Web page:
This article is the twelfth in a series that summarizes and reflects upon the Ontario Ministry of Education 2009 document Me Read? And How!
The twelfth strategy advocated for improving boys’ reading:
Drive the Point Home
Bringing “the family and the school closer together” is accepted as an important practice during the early grades; however, it continues to be important for young adults. According to the document, “research shows that parental involvement can result in: improved student achievement; reduced absenteeism; better behaviour; [and] increased confidence among parents with respect to their children’s schooling” (71). To make connections with the home, trust must be built. There must be positive, inviting opportunities for communication. It’s also important for the school and the home to plan for the students’ academic success.
Schools can have parents volunteer for reading programs, thus providing role models for students. Since parents don’t always know what to do to encourage reading and the development of reading skills, some schools have provided literacy kits to families; such kits should outline how parents can support literacy development at home and contain materials that they can read to their children. This strategy overlaps with finding male reading role models because if connections are made with the home, it will be easier to “recruit male volunteers” (71) to read to boys in a school reading program. Getting dads into the schools to volunteer, is as important as getting the moms there!
Home-school activities are also recommended. For instance, as an alternative to homework, create a school-wide program where students choose books from the school library, take them home to read, and complete a reading log to track their progress. Students should be able to read books that are at their reading level as reading books that are more than two grades above their reading level (true reading level and not actual grade level) will not result in improved reading skills. Another such program included “small manipulatives such as finger puppets, plastic figures, or small toys relating to the story to increase interest and focus conversation about the story” (72).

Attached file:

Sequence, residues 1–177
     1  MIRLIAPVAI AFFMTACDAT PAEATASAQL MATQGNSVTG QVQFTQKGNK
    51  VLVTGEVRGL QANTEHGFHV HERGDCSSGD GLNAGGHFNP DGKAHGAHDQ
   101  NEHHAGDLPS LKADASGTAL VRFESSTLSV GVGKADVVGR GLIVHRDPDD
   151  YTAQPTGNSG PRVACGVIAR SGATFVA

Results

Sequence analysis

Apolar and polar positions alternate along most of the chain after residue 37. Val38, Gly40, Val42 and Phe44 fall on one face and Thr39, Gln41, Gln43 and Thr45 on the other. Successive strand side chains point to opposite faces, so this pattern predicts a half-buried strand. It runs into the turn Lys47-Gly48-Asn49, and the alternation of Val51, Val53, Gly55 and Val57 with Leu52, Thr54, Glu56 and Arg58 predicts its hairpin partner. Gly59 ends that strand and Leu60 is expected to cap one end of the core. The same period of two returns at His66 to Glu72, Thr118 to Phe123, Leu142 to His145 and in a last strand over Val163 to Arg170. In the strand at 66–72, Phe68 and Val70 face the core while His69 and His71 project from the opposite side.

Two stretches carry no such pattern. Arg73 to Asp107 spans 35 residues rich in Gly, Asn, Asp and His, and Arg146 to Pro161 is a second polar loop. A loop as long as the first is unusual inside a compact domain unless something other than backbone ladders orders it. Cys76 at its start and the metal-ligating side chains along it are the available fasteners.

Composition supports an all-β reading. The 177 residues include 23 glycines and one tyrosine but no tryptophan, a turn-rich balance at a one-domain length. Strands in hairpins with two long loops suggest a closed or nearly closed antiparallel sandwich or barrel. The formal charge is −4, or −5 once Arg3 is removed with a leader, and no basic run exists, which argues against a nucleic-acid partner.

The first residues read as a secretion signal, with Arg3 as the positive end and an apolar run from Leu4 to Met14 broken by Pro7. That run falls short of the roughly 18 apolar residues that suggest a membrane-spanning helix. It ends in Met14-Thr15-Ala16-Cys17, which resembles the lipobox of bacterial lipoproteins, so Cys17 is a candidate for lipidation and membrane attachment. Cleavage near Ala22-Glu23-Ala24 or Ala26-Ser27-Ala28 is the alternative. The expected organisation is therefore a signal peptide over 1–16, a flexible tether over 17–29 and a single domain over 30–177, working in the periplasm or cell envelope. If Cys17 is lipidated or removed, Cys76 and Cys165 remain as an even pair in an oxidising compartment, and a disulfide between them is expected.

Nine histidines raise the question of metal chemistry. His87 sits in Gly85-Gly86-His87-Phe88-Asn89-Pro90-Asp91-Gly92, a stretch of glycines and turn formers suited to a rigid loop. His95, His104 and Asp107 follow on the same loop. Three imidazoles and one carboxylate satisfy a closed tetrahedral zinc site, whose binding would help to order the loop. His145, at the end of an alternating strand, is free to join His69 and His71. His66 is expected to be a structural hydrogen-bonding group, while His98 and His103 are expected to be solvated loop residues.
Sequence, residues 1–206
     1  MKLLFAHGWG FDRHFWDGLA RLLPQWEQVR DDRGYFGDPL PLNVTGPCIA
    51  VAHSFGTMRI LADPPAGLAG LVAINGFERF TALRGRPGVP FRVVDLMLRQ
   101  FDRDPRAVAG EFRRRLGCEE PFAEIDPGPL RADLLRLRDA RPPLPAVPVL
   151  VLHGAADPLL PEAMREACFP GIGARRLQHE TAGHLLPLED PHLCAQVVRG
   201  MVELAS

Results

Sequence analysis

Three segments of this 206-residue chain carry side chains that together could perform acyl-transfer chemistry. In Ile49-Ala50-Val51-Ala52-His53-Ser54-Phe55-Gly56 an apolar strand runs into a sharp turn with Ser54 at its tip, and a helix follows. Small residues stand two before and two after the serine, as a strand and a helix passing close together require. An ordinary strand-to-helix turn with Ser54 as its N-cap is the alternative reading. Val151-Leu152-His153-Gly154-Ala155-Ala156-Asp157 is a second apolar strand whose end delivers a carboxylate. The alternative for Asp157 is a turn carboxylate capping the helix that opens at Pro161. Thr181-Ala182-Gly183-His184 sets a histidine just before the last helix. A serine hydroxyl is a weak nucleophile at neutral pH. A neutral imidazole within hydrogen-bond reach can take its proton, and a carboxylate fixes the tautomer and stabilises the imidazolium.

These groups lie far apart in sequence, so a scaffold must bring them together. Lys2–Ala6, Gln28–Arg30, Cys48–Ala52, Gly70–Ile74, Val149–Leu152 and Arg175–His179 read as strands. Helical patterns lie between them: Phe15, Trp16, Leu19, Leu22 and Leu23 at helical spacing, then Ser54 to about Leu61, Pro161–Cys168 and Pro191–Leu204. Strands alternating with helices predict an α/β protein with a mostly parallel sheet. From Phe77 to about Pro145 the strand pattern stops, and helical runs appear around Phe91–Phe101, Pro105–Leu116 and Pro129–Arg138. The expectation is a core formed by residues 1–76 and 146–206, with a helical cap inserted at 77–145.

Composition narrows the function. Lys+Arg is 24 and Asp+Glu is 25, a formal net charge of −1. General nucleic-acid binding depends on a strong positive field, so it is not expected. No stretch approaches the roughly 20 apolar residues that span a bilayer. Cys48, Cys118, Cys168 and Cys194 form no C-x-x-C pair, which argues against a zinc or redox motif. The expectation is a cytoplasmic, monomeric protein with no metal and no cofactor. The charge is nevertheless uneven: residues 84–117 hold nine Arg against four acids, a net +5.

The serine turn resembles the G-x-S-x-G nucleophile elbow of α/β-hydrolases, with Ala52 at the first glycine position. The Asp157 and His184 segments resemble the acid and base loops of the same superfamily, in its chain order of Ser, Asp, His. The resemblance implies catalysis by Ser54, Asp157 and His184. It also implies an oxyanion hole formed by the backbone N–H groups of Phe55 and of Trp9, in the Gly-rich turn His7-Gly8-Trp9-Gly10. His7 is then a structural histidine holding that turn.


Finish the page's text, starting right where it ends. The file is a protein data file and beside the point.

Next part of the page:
Listening to boys is significant to their reading development as they need time to silently reflect and other time to talk; it’s important to encourage them to express a full range of emotions as you give them your complete attention and listen to their ideas. Find ways to connect with your boy(s) as they need to talk about what they are learning/reading.
Special reading events at the school are also a good way to encourage reading. For example, a school could have an event where parents are invited to come to lunch and read with their child. Such special events are generally well-received.
The Ontario Ministry of Education has developed materials for parents to help their children become better readers. Visit the “Tips and Tools for Parents” web page for free materials.
Teachers should ask themselves the following questions:
- How can I support parents so that we can become literacy partners?
- How can I show parents that their involvement and interest is crucial to their boys’ success?
Next Boys’ Literacy Strategy: #13 – Build a School-Wide Focus